For some, it’s a habit. For others, it’s a quirk. In prayer, it can be effective.
Posted in , Nov 18, 2021
Some people talk to themselves. Others think it’s an unhealthy habit. But judging from the ancient songwriters of the Bible, it can also be a helpful way to pray.
A number of psalms feature prayers in which the writer talks to himself—or, more precisely, to his soul.
The “Sons of Korah” wrote:
Why, my soul, are you downcast?
Why so disturbed within me?
Put your hope in God,
for I will yet praise him,
my Savior and my God (Psalm 42:5, 11, and 43:5 NIV).
Yes, my soul, find rest in God;
my hope comes from him (Psalm 62:5 NIV).
Praise the Lord, my soul;
all my inmost being, praise his holy name.
Praise the Lord, my soul,
and forget not all his benefits.…
Praise the Lord, my soul (Psalm 103:1, 2, 22 NIV).
And unknown psalmists sang:
Praise the Lord, my soul (Psalm 104:1 NIV).
Return to your rest, my soul,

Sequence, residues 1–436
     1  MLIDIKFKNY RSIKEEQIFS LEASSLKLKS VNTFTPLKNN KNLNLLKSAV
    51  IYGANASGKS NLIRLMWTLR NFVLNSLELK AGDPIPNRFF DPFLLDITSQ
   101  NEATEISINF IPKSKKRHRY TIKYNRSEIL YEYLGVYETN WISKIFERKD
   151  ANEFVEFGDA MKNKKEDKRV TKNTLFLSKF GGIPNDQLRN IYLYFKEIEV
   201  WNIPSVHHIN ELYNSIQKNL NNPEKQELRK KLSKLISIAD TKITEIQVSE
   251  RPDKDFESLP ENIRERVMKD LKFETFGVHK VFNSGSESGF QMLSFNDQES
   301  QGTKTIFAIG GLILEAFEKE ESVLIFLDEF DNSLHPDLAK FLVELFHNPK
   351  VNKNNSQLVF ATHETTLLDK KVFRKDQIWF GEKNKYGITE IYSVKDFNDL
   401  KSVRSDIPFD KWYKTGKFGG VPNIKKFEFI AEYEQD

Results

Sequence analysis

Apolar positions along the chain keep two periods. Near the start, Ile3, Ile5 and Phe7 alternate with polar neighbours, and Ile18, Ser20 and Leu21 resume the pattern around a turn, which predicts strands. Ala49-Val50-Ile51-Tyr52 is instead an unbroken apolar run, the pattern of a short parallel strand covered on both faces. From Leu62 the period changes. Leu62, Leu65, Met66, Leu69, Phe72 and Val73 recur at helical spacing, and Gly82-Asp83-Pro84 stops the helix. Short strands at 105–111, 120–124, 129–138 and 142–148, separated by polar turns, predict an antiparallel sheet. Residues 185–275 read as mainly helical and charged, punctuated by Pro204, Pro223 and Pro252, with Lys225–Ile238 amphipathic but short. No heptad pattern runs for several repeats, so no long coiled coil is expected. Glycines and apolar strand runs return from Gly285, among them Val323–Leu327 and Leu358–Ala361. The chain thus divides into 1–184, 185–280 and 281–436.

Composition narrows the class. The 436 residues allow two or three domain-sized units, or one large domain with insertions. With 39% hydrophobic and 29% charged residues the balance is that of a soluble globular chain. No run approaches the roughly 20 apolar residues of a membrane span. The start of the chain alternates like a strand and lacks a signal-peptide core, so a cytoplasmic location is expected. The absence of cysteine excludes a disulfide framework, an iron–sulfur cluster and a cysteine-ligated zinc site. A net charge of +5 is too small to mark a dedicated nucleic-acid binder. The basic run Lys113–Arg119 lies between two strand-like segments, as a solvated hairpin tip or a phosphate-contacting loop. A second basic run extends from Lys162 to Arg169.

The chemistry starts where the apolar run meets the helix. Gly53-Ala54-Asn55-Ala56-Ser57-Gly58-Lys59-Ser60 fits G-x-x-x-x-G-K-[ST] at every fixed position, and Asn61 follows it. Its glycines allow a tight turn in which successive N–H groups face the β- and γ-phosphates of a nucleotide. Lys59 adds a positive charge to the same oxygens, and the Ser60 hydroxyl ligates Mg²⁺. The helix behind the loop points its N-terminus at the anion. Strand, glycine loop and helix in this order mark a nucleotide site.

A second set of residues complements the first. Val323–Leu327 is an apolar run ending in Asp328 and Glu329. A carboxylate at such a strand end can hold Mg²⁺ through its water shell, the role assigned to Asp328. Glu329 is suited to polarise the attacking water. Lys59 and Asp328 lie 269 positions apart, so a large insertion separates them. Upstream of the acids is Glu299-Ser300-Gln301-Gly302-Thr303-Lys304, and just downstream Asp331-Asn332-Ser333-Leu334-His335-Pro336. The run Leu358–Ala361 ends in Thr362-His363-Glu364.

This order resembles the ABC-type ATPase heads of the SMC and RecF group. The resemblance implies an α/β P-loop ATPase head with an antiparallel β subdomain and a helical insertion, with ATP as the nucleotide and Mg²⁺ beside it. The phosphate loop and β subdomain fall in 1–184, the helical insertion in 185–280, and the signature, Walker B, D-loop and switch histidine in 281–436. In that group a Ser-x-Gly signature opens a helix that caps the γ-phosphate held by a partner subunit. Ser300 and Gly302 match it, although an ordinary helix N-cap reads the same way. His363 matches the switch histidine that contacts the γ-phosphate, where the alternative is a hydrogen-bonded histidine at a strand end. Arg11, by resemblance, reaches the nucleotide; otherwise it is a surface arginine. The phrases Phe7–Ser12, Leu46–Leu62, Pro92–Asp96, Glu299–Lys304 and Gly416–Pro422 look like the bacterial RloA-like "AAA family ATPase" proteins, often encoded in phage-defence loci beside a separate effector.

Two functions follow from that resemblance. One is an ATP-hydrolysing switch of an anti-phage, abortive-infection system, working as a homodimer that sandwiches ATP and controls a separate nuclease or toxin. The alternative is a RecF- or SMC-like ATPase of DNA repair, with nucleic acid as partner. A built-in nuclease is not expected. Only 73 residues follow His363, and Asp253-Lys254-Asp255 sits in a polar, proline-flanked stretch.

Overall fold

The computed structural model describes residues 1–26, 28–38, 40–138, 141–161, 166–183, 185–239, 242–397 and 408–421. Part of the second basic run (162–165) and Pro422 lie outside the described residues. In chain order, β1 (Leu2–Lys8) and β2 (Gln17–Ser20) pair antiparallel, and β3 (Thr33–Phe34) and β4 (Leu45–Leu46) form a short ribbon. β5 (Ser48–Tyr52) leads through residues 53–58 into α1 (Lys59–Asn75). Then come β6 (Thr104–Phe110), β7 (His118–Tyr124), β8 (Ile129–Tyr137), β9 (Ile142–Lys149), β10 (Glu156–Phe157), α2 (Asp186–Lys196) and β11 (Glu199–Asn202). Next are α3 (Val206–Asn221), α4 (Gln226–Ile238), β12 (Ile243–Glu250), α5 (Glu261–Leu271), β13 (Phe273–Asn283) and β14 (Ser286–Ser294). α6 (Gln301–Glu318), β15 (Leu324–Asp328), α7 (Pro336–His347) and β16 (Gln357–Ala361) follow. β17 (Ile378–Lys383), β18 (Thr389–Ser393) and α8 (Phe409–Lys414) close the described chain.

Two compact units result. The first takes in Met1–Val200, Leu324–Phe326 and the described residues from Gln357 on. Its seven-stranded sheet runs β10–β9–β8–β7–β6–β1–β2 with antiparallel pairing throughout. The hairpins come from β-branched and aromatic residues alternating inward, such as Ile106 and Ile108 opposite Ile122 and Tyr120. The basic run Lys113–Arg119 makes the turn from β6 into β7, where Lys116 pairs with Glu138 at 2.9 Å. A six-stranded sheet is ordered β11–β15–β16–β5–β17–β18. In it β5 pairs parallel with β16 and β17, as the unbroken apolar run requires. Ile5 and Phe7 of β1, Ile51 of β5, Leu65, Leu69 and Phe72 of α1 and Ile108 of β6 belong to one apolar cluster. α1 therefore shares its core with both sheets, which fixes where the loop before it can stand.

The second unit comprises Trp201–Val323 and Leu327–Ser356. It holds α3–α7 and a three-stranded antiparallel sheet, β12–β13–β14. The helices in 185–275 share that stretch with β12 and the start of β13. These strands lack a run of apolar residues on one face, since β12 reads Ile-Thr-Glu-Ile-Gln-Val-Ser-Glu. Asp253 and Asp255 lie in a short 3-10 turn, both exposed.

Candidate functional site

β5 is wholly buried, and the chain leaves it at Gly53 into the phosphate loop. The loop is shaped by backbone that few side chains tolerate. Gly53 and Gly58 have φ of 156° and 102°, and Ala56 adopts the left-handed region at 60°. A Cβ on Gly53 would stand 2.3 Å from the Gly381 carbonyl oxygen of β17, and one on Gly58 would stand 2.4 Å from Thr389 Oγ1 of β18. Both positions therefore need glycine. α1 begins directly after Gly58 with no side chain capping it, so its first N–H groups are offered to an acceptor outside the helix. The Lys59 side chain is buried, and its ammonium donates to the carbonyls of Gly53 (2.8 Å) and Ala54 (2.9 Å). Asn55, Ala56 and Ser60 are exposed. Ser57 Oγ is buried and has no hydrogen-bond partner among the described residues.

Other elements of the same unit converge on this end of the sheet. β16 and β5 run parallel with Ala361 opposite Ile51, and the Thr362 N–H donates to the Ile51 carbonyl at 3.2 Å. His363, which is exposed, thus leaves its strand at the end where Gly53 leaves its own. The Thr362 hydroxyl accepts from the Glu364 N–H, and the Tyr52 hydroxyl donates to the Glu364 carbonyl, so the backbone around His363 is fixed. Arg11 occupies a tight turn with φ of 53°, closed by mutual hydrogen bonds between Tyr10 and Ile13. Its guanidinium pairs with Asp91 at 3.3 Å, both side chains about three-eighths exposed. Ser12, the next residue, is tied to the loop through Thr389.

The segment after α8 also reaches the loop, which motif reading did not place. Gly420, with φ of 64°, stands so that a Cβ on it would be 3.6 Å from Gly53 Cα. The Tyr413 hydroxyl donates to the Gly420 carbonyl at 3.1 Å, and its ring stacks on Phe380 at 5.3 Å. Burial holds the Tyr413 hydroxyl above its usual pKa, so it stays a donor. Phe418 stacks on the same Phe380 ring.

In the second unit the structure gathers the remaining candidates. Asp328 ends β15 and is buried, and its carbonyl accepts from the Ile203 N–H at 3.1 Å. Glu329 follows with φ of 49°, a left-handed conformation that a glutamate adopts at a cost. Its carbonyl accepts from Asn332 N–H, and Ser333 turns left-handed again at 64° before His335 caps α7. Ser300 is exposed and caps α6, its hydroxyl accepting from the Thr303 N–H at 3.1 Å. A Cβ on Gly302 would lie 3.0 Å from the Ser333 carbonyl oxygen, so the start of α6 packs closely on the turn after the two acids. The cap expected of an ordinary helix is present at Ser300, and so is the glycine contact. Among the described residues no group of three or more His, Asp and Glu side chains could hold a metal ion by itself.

for the Lord has been good to you (Psalm 116:7 NIV).
Praise the Lord.
Praise the Lord, my soul (Psalm 146:1 NIV).
Those ancient and enduring prayers display what today we might call “emotional intelligence”—the ability to recognize, identify and name what we’re feeling. Only then can we prayerfully and intentionally address our moods and emotions.
Why not try it? Cultivate the habit of talking to your soul in prayer. Take the time to reflect on the state of your heart. (“Why, my soul, are you downcast?”) Speak encouragingly to yourself. (“Yes, my soul, find rest in God.”) Remind and reorient your heart and soul. (“Praise the Lord, my soul, and forget not all His benefits.”) And direct your emotional being into helpful and God-honoring directions. (“Praise the Lord, my soul.”)
With that kind of emotional and spiritual intelligence, talking to yourself will become a healthy and happy habit!